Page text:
Description: VGAS is a 155mm Gun Weapon System being planned for DD-21 Maritime Dominance Destroyers to provide volume and sustainable fires in support of a land attack warfare campaign. VGAS is a fully integrated gun weapon system (GWS), which includes dual 52 caliber 155mm guns in a fixed vertical orientation, fully integrated gun and fire control systems, and test and fault isolation functions. Each gun will be capable of independently firing up to 12 rounds per minute from an automated magazine storing as many as 1,500 rounds. The VGAS program also includes development of the 155mm Extended Range Guided Munition (ERGM; see separate program summary). VGAS will be designed to the size of a 64-cell Mk 41 Vertical Launching System (VLS) launcher and will meet the reduced manning and low radar signature requirements of DD-21.
Program Status: The program is scheduled for an FY 1999 start, delivering a prototype gun in FY 2002 for extensive land-based testing. First delivery to DD-21 is scheduled for FY 2006.
Developer/Manufacturer: To be determined.

Why was this not pursued rather than a "government capturing Major"? A small company was originally involved. More governing disaster.
 

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TomS

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VGAS was transformed into the trainable AGS almost entirely at the behest of Congress, which demanded that the gun be capable of firing non-guided rounds (and then failed to fund development of said rounds...)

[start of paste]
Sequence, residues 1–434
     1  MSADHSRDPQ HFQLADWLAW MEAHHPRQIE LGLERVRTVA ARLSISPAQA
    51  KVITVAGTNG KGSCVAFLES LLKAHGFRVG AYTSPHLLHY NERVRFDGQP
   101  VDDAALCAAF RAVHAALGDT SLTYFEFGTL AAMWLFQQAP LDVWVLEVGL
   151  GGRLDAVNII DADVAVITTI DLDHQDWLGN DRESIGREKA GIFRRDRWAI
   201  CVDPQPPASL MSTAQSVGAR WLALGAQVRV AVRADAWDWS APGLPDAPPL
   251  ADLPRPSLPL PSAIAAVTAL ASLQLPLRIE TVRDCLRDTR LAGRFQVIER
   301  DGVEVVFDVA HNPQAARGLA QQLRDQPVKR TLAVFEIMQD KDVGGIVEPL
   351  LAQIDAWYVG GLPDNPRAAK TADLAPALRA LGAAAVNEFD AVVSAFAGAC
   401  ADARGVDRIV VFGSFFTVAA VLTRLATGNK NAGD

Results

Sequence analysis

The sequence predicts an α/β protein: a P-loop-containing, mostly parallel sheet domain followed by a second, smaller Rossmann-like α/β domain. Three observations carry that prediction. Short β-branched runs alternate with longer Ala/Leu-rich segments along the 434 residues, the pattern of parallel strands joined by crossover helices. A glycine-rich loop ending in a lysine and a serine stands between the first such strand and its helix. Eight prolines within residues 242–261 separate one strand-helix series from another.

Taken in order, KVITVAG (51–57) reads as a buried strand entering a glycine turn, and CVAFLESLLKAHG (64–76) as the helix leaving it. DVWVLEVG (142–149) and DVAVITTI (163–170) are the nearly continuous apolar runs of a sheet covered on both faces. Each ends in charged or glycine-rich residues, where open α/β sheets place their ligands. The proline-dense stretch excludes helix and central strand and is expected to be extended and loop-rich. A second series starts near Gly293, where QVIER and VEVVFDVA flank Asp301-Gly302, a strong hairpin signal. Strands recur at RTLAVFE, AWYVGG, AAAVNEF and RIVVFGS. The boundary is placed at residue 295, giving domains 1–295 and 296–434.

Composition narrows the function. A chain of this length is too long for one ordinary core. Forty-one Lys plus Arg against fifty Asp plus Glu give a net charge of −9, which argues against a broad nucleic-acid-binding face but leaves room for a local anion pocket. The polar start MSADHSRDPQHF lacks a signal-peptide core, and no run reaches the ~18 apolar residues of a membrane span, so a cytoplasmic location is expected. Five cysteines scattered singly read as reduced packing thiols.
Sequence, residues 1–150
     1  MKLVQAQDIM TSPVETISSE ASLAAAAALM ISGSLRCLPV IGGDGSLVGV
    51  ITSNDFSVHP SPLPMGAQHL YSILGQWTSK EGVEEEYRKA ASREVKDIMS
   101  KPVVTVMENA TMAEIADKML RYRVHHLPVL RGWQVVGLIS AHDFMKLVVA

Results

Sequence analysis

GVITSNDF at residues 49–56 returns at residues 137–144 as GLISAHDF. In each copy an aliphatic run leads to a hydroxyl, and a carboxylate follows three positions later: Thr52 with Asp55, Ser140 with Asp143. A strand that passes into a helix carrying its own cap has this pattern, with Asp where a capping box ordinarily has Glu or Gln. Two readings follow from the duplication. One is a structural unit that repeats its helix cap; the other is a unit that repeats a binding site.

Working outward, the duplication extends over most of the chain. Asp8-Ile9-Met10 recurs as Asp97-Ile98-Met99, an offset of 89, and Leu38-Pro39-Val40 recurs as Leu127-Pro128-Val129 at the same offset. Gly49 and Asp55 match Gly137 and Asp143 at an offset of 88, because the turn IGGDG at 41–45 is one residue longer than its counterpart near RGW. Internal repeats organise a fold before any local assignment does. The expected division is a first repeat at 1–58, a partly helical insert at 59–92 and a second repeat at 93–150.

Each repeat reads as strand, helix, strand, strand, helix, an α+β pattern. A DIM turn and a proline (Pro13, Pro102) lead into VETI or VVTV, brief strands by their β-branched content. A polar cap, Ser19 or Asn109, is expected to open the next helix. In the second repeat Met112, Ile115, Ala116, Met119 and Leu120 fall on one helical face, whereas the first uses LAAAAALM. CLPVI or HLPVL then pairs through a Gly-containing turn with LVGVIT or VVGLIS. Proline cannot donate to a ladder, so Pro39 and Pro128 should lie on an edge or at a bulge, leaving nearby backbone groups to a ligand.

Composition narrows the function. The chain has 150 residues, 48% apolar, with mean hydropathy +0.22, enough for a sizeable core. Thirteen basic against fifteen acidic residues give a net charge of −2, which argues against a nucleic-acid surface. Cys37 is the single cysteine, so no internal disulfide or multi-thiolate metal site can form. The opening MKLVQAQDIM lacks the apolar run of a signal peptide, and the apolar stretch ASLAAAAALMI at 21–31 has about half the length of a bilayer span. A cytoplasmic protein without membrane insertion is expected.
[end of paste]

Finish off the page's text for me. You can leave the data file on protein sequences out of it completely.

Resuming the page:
Colonial-Marine

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I think the switch to AGS was a reasonable one as there are certainly advantages a conventional gun mount could provide. Through the wonders of mismanagement, cutbacks, and stupidity it turned into the mess we have now with three DDG-1000 destroyers with no ammunition for their grand total of six 155mm guns.

As for reactivating the Iowas it has been pretty much assured it won't happen now. They've scrapped most of the spare barrels and the 16" shells minus those kept for display purposes. National Interest is a publication that likes to repeat the same articles a lot and will probably be asking the same question a decade from now. I suppose theoretically you could rebuild everything required to manufacture new guns, shells, and anything else needed to reactive them. But they are roughly 75 years old and have huge crew requirements.